WHAT'S WRONG WITH CONTEXTUALISM?
Version of Record online: 28 JUN 2008
© 2008 The Author Journal compilation © 2008 The Editors of The Philosophical Quarterly
The Philosophical Quarterly
Volume 58, Issue 232, pages 416–436, July 2008
How to Cite
Greco, J. (2008), WHAT'S WRONG WITH CONTEXTUALISM?. The Philosophical Quarterly, 58: 416–436. doi: 10.1111/j.1467-9213.2008.535.x
- Issue online: 28 JUN 2008
- Version of Record online: 28 JUN 2008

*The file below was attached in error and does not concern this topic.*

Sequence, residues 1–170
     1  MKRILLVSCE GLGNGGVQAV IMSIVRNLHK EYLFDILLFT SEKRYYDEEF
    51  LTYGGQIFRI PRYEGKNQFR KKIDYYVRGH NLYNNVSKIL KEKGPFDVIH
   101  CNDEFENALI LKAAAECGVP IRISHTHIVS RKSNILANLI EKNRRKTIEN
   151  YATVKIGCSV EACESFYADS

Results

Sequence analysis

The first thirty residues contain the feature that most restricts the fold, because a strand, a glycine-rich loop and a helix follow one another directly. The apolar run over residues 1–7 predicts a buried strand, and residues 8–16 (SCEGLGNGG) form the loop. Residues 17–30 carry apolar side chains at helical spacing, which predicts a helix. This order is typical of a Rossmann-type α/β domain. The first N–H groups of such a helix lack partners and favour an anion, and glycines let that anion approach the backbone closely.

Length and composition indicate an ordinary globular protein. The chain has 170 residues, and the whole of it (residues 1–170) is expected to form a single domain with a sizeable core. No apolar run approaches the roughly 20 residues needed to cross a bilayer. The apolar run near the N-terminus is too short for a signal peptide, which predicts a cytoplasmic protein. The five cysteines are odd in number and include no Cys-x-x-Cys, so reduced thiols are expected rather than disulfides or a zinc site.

This paper addresses two worries that might be raised about contextualism in epistemology and that carry over to its moral analogues: that contextualism robs epistemology (and moral theory) of a proper subject-matter, and that contextualism robs knowledge claims (and moral claims) of their objectivity. Two theses are defended: (1) that these worries are appropriately directed at interest-dependent theories in general rather than at contextualism in particular, and (2) that the two worries are over-stated in any case. Finally, the paper offers some considerations in favour of attributor contextualism over ‘subject-sensitive invariantism’, both in epistemology and in moral theory. But here we note an interesting result: the very considerations that support contextualism as a semantic thesis, threaten to rob that position of its anti-sceptical force.